Concept and prototypes : Ford Capri (1966-1968)

The Ford Capri Mk1 underwent a remarkably short development programme, as these images clearly show. However, more than that, the company knew what it wanted from the final product – and stuck to its guns throughout development 

Here is a set of images that charts the Colt programme from styling sketch to production reality.

Words and pictures: Andrew Elphick

Ford Capri Mk1: Styling sketches

Sketches from 1964 had a distinctively American feel about them.
Sketches from 1964 had a distinctively American feel about them
Early sketches had a transalantic feel, oddly echoing the work going on over at GM on the new Mustang rivals - the Firebird and Camaro. One even has shades of the front driven Oldsmobile Toronado.
Early sketches had a transalantic feel, oddly echoing the work going on over at GM on the new Mustang rivals – the Firebird and Camaro. One even has shades of the front-driven Oldsmobile Toronado
Here we see the shift from GM F-body wannabe to what we know as Capri. The kicked up quarterlights are still present, but the grille (which would influence the new compact Escort) is still in design hell stage; maybe there was a Corvair in Dunton at the time?
Here we see the shift from GM F-body wannabe to what we know as Capri. The kicked up quarterlights are still present, but the grille (which would influence the new compact Escort) is still in design hell stage; maybe there was a Corvair in Dunton at the time?

Final sketches to scale models

The notchback was easily rejected; the coupe style became the definitive article.
The notchback was easily rejected; the coupe style became the definitive article
Ford Capri prototypes
…but not before making it into scale model form

Ford Capri prototypes
Looking more akin to the finished article – note the date of July 1965, nearly four years before launch

Honing the Capri

Miniature model in the windtunnel.
Miniature model in the wind tunnel
Ford Capri prototypes
With the design chosen and refined, it’s time to build the full-scale clay model

Nearing production

April 1966, and it would seem that the Capri's design is now finalised – aside from the rear-side window profile.
April 1966, and it would seem that the Capri’s design is now finalised – aside from the rear-side window profile
It's still there! On this yumping pre-production Capri, the quarterlight still has its kick and not the production curved item? Did a visiting member of the board stamp their feet and demand the change at the eleventh hour?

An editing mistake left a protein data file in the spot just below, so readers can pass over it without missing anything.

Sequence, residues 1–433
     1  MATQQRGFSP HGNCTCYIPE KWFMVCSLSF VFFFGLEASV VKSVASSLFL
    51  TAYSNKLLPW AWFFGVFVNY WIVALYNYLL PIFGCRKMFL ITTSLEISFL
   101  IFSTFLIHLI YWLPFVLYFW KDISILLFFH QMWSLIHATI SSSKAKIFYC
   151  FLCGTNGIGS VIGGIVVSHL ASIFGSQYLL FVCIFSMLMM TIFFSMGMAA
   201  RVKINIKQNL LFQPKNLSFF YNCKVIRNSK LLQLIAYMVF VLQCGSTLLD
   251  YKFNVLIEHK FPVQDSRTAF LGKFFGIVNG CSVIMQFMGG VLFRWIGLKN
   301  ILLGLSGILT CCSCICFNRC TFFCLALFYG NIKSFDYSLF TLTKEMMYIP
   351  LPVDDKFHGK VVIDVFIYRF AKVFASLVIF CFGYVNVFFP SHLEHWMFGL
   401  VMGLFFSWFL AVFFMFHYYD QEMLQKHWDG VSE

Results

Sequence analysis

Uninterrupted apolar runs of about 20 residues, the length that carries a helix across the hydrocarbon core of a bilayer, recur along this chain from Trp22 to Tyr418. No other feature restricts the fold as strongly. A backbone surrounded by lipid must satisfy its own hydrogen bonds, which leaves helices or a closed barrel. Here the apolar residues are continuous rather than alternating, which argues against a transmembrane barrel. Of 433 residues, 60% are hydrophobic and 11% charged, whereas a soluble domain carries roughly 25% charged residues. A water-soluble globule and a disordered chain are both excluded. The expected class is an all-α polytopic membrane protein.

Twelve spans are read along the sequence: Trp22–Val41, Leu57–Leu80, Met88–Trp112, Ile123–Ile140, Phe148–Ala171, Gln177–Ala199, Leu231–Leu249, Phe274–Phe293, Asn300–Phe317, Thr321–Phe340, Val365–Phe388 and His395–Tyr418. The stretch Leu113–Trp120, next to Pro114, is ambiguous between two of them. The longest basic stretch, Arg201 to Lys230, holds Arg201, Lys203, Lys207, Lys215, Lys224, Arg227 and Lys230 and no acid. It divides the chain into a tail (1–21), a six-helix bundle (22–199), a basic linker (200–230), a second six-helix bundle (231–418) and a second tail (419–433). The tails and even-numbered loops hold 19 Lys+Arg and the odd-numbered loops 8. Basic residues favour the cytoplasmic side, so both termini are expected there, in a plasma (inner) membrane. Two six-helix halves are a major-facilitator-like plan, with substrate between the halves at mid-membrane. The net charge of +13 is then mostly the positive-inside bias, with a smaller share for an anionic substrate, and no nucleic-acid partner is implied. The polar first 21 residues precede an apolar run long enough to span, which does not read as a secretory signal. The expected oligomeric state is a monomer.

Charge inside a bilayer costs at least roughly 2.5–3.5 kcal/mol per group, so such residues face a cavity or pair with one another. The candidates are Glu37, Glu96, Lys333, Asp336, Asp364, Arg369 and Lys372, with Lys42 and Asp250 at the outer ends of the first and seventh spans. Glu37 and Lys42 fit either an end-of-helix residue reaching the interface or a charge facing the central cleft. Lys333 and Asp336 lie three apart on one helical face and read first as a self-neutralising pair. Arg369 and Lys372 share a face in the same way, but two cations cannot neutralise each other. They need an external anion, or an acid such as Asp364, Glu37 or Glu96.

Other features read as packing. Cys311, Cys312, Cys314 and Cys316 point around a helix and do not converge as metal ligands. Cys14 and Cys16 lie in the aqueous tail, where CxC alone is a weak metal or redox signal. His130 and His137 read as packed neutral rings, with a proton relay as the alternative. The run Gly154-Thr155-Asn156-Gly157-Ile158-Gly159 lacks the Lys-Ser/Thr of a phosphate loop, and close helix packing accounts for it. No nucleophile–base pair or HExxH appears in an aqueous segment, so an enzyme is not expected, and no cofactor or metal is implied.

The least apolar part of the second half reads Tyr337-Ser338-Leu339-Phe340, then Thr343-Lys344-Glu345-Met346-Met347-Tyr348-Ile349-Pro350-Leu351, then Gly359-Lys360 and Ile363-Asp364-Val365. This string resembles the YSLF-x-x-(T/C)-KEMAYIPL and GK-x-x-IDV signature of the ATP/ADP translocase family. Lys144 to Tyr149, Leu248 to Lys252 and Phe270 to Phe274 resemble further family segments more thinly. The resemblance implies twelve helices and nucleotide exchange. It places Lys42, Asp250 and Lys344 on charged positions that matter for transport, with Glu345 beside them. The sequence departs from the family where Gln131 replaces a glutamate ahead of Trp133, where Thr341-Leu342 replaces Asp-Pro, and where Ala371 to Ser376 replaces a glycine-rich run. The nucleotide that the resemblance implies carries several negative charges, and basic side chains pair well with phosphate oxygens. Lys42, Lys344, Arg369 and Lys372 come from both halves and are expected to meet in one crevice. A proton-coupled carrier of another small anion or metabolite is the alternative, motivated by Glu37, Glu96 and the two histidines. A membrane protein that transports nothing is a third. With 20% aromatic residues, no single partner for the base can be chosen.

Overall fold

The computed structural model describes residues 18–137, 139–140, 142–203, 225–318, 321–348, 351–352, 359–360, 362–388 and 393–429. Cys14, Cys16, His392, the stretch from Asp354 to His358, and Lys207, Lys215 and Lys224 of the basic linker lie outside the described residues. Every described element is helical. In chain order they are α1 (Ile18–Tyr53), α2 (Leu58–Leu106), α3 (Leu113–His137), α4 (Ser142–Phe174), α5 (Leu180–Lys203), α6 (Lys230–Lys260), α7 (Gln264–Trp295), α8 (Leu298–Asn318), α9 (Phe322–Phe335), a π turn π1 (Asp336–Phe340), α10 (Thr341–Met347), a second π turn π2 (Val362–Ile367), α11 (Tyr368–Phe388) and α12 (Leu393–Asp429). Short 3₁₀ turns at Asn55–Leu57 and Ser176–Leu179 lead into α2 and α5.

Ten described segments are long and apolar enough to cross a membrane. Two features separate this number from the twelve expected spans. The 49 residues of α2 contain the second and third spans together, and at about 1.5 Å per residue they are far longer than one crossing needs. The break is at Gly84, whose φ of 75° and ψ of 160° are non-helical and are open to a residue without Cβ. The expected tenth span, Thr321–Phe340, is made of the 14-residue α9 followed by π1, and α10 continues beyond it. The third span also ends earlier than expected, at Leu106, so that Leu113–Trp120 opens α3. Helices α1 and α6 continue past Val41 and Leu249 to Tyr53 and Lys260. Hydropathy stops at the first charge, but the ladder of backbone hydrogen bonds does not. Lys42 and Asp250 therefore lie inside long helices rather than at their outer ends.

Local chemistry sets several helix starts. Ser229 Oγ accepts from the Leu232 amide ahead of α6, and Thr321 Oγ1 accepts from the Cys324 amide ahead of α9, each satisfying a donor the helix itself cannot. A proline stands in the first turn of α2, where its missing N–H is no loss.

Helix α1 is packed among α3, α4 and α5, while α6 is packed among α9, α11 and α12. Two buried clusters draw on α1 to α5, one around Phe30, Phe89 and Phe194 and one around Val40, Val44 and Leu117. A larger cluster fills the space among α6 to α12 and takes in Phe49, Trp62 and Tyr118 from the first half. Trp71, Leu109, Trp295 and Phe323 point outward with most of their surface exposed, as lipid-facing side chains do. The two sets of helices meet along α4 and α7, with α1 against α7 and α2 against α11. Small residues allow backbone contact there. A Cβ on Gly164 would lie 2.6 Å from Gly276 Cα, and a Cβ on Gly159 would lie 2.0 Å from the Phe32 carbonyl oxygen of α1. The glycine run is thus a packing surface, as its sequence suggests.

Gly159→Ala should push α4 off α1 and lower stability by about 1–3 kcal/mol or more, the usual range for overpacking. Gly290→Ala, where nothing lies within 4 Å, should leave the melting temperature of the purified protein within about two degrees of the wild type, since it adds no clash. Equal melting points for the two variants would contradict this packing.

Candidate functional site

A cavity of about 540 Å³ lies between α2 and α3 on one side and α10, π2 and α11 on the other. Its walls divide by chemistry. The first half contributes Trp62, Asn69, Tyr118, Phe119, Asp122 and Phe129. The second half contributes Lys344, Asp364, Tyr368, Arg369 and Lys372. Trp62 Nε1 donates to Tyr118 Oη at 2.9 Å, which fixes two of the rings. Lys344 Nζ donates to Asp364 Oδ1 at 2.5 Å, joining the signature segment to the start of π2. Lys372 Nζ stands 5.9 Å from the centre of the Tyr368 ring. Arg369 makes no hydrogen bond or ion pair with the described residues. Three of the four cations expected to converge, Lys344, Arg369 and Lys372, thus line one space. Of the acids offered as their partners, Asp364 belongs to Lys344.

It’s still there! On this yumping pre-production Capri, the quarterlight still has its kick and not the production curved item. Did a visiting member of the Board stamp their feet and demand the change at the eleventh hour?
Ford Capri Final testing...
Final testing…

34 Comments

  1. I have in my loft orginal pictures of the many clay model varients of the mk1 capri
    the final 3 designs
    Interestingly no one is interested in them

  2. It is fascinating that the 1965 mockups were so much better looking than the eventual mark 1 product, which frankly was awful compared with the later Capris

    • Don’t know if many would agree with you there. I’m not what you’d call a Ford man but I’ve always thought styling was their real strong point, in the 60s and 70s at least. They really knew how to make a desirable car and people certainly bought them.

  3. Although the final MKIII Capri is considered to be the best, the MK1 & II were a good starting point. Indeed when the first Capri launched in ’69 it looked futuristic compared to other makes – and competitors didn’t have an equivalent rival product at the time / and in the price band.

    My Dad nearly bought a Capri 3000E (I think) but ended up buying a Mazda RX4 coupe in 1973

  4. Ford’s selling point in the seventies was the styling of their cars. Mechanically the cars were conservative and smaller versions of the Capri and Granada didn’t perform as well as they looked, but they looked good and someone in a Capri 1600 L could imagine he was driving a 3000 S. Certainly after the failure of the 1966 Zephyr, Ford never made another mistake with the styling of their cars.

      • @ KC, I was referring more to the period from the late sixties to the early eighties, but Ford did drop the ball a few times. Remember the lukewarm reception the Sierra had in 1982, although sales did pick up when buyers got used to the styling, but the real flop was the 1990 Escort. This looked completely drab, inherited the dated and noisy engines from the Mark 3, and sales fell away until Ford tried to rework the car.

    • I’ll go along with that. The smaller engine Capri’s were very much “sheep in wolfs clothing” but the sporty looks helped get over that. The trim level of a 1.6 XL or GL offered reasonable internal features too.

      Turning to the 1990 Escort. This car was facelifted at least twice. I had a ’91 1.4 LX company car which had a sunroof / rear spoiler and 2 tone paint etc to make it look more enticing. Despite its shortcomings it lasted up to 106K miles under my care.

      • One thing most people will agree on, all three versions of the Capri were good looking cars and the Mark 2, with its hatchback, was the first Ford to feature a hatch and gave the car a huge amount of luggage space. One Mark 2, I do remember was a special edition in black and gold with gold velour seats and an uprated 1.6 engine that gave it 100 mph performance.

        • I remember being on a family holiday in Scarborough, 1975 I think, and walking past a small town centre Ford dealership every day en route to the beach. They had one of those JPS tribute Capris outside for the fortnight we were there. I admired it greatly.